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Date of last update: 10/14/2017.

Forum Name: Gynecology

Question: HELP! Pain/irritation during sexual intercourse

 julianie - Tue Apr 26, 2005 4:33 pm

Hi...I've been with my boyfriend for about 6 months and maybe about a month and a half ago I decided to lose my 'virginity' to him. I expected some pain the first (maybe 2nd and 3rd) times but the discomfort has not gone away's very frustrating. I know it couldn't have been some type of STD because he was tested before we made the decision and I had never been sexually (including oral) active with anyone else. He usually has to enter really slow for it to be less painful, and when he thrusts too hard or too fast my abdomen/pelivic area hurts a can even transcend to the anal area, which is so weird. I was raped as a child so maybe it's some type of physical defect left over from that...I'm sure it's not mental/emotional because I'm completely comfortable with him. For the past 2 weeks we had to to take a break because I took a trip and then I was on my i said usually there's pain when we have sex but after that two week break it was more uncomfortable. It was more that pain, my vulva had a burning irritation feeling after sex...we tried some lubrication but that barely helped afterwards. I'm still a little sore. Could it be the positions we use? Some positions are more uncomfortable than others. I also usually experience a LITTLE spotting after sex. HELP...PLEASE...I don't KNOW WHATS WRONG!
 Theresa Jones, RN - Wed Apr 27, 2005 4:36 am

User avatar Hi julianie,
Painful intercourse, (dyspareunia) may result for a number of reasons. A woman should always consult her physician if she is experiencing new or worsening pain, bleeding, or discharge following intercourse. If pain occurs at the vaginal opening it may suggest one of the following:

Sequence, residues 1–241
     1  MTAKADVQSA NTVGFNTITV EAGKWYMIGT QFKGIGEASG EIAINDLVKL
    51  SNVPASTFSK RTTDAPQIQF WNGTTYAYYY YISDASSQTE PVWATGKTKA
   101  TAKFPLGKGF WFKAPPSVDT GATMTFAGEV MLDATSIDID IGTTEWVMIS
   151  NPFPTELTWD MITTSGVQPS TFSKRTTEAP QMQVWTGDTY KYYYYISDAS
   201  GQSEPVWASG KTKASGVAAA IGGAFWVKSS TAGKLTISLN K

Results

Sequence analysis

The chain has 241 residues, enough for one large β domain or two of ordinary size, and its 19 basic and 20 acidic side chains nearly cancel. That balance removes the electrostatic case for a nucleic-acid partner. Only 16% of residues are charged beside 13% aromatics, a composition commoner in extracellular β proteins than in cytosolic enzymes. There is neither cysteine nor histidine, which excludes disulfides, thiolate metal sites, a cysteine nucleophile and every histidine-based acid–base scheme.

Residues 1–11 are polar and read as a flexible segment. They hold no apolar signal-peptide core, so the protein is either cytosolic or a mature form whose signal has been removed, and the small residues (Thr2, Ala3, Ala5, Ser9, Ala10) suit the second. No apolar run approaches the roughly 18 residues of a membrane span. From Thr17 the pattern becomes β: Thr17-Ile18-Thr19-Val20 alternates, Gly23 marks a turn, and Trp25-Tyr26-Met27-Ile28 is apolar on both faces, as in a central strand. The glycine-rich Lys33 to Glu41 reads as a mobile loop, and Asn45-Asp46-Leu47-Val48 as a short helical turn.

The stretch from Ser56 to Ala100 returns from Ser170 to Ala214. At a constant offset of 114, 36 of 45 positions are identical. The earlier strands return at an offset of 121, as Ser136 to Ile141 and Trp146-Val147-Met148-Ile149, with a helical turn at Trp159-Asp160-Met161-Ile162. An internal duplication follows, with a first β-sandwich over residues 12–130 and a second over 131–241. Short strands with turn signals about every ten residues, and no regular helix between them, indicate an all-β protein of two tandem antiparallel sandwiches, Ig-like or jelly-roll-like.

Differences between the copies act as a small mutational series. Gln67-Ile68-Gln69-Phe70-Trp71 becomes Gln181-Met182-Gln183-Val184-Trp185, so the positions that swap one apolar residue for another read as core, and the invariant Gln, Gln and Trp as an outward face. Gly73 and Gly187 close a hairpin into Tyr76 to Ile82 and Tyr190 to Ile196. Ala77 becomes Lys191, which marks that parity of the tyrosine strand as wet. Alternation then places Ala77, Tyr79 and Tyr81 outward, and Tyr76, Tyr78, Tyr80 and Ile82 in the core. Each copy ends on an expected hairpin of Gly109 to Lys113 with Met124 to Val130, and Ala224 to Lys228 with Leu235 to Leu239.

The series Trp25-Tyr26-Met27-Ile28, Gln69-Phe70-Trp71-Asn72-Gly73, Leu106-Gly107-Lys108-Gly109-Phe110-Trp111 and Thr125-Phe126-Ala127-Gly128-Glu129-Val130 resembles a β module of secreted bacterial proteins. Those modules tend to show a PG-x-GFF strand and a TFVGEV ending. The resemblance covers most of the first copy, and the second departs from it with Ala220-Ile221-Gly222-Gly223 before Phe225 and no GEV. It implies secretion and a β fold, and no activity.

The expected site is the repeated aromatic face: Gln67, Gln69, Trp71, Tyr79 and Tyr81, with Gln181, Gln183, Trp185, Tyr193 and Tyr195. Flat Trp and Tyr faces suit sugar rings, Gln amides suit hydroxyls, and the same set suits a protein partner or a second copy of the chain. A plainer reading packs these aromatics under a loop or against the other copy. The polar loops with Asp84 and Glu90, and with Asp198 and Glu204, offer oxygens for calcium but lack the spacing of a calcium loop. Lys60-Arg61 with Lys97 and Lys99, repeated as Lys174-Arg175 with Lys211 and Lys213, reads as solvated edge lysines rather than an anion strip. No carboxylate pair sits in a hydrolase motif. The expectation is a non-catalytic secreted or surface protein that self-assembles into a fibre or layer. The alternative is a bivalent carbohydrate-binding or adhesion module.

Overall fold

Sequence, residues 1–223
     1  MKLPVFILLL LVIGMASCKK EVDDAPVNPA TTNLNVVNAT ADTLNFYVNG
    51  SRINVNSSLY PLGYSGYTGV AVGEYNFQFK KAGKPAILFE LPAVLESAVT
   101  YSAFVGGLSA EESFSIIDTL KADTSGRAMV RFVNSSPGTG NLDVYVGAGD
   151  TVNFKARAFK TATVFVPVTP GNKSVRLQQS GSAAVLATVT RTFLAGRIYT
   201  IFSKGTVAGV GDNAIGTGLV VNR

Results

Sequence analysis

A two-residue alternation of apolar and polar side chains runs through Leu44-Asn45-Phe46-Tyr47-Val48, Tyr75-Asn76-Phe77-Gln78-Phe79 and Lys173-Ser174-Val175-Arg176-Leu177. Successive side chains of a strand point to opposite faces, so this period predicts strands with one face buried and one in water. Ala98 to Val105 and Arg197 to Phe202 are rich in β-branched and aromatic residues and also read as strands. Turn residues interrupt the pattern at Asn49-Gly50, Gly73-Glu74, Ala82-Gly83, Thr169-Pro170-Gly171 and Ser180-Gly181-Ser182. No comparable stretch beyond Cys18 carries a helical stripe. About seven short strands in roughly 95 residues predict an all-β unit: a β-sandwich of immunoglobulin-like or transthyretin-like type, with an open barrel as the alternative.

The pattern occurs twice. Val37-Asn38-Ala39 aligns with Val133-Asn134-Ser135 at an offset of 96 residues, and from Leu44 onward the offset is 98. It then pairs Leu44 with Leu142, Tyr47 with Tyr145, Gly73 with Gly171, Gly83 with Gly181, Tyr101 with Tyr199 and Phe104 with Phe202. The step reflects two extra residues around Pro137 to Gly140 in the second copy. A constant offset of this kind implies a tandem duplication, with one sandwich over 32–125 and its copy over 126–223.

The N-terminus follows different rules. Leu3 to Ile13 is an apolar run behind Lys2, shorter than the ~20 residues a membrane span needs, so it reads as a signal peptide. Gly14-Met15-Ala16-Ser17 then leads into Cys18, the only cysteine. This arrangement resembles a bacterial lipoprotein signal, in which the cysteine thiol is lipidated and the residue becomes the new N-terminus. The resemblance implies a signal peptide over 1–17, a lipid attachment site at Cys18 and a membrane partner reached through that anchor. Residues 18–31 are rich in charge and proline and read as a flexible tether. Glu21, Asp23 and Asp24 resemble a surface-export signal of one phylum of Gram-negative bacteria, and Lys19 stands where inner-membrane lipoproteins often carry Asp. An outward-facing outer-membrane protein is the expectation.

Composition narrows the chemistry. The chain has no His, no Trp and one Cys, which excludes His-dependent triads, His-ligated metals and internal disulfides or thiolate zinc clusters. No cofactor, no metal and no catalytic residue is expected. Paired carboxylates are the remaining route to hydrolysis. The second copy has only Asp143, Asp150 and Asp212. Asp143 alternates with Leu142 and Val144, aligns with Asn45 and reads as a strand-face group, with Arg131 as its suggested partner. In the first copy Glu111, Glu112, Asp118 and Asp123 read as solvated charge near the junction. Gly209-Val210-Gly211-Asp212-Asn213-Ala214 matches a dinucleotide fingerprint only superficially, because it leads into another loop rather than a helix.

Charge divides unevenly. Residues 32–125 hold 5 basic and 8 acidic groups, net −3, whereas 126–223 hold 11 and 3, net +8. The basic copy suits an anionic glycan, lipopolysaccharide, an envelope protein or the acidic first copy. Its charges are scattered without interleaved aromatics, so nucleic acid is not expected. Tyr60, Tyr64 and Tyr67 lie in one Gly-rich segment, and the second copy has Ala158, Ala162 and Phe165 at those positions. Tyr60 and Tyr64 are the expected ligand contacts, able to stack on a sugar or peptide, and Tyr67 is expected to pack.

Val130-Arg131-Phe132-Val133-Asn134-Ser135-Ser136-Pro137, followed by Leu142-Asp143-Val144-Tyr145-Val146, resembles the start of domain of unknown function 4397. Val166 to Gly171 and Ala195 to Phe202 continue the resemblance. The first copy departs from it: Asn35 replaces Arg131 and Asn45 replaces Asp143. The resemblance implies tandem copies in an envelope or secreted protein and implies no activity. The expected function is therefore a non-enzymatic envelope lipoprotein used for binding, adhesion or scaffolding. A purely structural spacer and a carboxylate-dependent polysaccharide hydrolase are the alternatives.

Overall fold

(Usually the most common cause) Inadequate lubrication during the arousal phase (may be associated with hormonal changes or medications, including birth control pills) Inflammation at the vulvar opening, painful spasms of the vagina that prevent intercourse related to physical conditions (scars, adhesions, infection) or psychological factors, (a traumatic sexual experience, rape) If physical causes are ruled out and it is psychological in origin, counseling may be helpful.
Deep thrust pain ( the woman feels as if her partner is bumping into something during thrusts). This type of pain may suggest pelvic causes, such as endometriosis, adhesions, the uterus tilting the wrong way etc.
Mid pelvis pain, may suggest an uterus origin. Pelvic pain on one or both sides may indicate anomalies with the fallopian tubes, ovaries, and ligaments.
A physician's physical exam may include a Pap smear, the collection of vaginal or cervical fluids for culture, an analysis of urine (urinalysis), and other laboratory tests, along with diagnostic studies, for example, a pelvic ultrasound. I would suggest an evaluation by your physician to identify the causative factor. I hope this information is helpful.

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